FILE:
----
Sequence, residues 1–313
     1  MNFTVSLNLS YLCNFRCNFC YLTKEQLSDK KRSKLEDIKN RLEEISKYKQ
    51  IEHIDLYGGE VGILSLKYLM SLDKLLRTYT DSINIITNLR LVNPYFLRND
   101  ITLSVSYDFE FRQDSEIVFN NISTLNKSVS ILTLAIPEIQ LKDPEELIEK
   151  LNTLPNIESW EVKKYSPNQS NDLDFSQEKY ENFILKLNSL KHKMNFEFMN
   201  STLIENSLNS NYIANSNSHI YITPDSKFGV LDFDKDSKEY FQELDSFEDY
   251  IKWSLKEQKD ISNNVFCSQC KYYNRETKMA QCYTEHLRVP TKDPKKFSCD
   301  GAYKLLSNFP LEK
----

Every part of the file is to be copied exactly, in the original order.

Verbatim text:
Sequence, residues 1–313
     1  MNFTVSLNLS YLCNFRCNFC YLTKEQLSDK KRSKLEDIKN RLEEISKYKQ
    51  IEHIDLYGGE VGILSLKYLM SLDKLLRTYT DSINIITNLR LVNPYFLRND
   101  ITLSVSYDFE FRQDSEIVFN NISTLNKSVS ILTLAIPEIQ LKDPEELIEK
   151  LNTLPNIESW EVKKYSPNQS NDLDFSQEKY ENFILKLNSL KHKMNFEFMN
   201  STLIENSLNS NYIANSNSHI YITPDSKFGV LDFDKDSKEY FQELDSFEDY
   251  IKWSLKEQKD ISNNVFCSQC KYYNRETKMA QCYTEHLRVP TKDPKKFSCD
   301  GAYKLLSNFP LEK